Nov 4, 2020 - Technology

How the internet became election ground zero

Illustration of a cursor holding a ballot

Illustration: Sarah Grillo/Axios

Today's internet has taken three decades to dominate the American political system, going from a wonkish yet campaign-trail-friendly bet on a connected future to a central force in the electoral process.

Catch up quick: Here's how the evolution has unfolded so far.


  • The internet was still largely an academic network, but the Democrats' Clinton/Gore ticket made "building an information superhighway" a key plank of their pro-tech campaign.
  • Their victory opened the gate to the federal government's commercialization of the public-sector internet, blowing up the "Big Tech platforms" of their time — America Online, Compuserve, and Prodigy — and ushering in the Web era.


  • The Web had begun to spark early-adopter enthusiasm but most voters weren't online.
  • When the septuagenarian GOP candidate Bob Dole tried to promote his campaign's website at the end of a TV debate, he botched the web address.


  • Four years of dotcom-bubble internet growth made this the first election in which the online world played a significant role.
  • The Clinton impeachment saga left in its wake both big political email lists and charged-up partisan websites that jumped into the fray when the election outcome turned into a legal siege in Florida.


  • Howard Dean's campaign on the left and, on the right, the rise of the "warbloggers" (post-9/11 hawks who brought conservative energy to the blogosphere) established a teeming new underbrush of digital activism that stoked political controversies online — notably, the debunking of Dan Rather's CBS story questioning Bush's military service and the "swiftboating" of John Kerry.
  • 2004 laid the groundwork for today's political environment of partisan trench warfare, online echo chambers, and competing-reality narratives.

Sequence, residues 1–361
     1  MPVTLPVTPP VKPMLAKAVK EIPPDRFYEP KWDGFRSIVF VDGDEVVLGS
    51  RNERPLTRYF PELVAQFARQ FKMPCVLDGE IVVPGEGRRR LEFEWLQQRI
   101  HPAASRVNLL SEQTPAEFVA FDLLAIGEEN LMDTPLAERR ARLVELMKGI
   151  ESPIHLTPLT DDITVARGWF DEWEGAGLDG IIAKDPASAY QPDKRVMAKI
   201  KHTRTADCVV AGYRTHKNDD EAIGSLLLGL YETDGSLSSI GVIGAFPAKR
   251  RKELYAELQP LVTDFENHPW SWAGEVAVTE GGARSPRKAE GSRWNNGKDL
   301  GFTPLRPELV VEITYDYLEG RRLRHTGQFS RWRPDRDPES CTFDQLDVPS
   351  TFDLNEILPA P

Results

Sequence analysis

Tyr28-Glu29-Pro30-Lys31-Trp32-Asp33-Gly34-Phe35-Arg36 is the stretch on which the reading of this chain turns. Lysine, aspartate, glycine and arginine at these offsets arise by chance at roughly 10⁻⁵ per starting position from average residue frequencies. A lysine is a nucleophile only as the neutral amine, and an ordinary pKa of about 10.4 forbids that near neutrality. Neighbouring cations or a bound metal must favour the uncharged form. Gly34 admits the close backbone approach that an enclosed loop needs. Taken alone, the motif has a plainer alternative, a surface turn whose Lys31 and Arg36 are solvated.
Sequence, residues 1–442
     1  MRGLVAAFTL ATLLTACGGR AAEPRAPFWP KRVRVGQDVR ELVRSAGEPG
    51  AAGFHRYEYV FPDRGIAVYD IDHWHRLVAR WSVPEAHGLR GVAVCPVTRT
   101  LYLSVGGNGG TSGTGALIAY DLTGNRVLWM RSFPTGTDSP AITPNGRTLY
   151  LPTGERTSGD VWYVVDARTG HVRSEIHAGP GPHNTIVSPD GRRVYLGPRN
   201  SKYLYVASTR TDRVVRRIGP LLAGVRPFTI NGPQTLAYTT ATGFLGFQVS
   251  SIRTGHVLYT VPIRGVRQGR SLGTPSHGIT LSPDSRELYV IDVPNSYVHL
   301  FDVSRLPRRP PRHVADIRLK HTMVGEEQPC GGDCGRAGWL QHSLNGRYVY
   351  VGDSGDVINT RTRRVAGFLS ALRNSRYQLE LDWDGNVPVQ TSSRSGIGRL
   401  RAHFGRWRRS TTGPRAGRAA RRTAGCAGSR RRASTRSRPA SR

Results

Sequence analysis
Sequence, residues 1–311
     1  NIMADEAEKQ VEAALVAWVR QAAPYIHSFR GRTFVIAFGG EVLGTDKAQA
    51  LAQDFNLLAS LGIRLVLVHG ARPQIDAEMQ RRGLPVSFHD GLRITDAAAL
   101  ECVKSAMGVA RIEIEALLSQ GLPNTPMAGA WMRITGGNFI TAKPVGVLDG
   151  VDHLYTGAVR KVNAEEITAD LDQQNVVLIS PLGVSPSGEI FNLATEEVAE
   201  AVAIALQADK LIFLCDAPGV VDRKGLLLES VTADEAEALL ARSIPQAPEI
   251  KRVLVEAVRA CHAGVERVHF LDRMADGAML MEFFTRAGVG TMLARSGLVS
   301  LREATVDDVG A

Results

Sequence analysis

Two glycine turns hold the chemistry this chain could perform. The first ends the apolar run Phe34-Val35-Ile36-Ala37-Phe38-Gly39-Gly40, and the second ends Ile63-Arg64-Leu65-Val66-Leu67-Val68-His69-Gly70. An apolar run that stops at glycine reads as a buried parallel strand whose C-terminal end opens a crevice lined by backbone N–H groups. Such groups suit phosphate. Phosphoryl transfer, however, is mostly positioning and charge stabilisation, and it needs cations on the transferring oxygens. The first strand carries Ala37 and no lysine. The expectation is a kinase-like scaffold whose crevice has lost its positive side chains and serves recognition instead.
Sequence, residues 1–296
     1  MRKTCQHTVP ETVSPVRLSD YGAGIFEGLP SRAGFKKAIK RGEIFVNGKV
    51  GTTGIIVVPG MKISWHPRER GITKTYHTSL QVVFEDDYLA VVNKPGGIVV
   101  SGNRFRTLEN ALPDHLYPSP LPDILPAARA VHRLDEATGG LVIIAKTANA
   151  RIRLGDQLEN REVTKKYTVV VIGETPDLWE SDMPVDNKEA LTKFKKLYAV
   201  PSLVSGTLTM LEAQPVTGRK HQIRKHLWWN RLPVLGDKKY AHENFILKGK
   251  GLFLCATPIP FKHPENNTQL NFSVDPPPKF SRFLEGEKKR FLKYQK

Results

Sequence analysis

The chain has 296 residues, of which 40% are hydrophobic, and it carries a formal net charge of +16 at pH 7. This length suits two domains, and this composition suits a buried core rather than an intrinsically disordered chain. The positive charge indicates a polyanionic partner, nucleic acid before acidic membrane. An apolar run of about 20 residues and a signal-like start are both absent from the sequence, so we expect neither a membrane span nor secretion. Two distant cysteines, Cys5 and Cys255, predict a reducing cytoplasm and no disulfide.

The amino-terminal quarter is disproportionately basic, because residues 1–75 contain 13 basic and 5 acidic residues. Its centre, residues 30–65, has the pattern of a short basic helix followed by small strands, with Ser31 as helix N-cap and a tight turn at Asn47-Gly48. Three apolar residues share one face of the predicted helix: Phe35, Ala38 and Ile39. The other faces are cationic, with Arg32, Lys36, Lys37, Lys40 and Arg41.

• Obama's victory rested in part on his campaign's online fundraising and organizing savvy on an internet where Facebook and Twitter were both newcomers.
  • Democrats failed to follow up online post-election, ceding the digital advantage to a fired-up, Tea Party-inflected right.


  • The first social-media election saw the stirrings of misinformation campaigns, including "birtherism" and controversies around the attack on the U.S. Benghazi mission. But online ad spends remained minuscule.
  • Leaked video from a Romney fundraiser — showing the GOP candidate talking about 47% of Americans who don't pay taxes — foreshadowed a future of information wars.


  • Welcome to the social-media Thunderdome! Trump's upset win rested on many foundations, but cornerstones included a smart use of targeted online advertising and a flood of disinformation from both foreign and domestic sources.
  • Trump turned Twitter into a blaring megaphone for his political tactics and personal obsessions, effectively outmaneuvering the old-line political media and setting the election-news agenda.


  • Facebook, YouTube, Twitter along with Snapchat, Instagram, TikTok and other services: These platforms are where Americans now wrestle with their electoral choices, share news and argue over truth. They're also where campaigns spend an increasing share of their ad dollars.
  • With the coronavirus pandemic limiting in-person contact, the internet has become the primary channel for politics — putting a hot spotlight on the platforms' rule-makers and fueling charges of censorship and bias.
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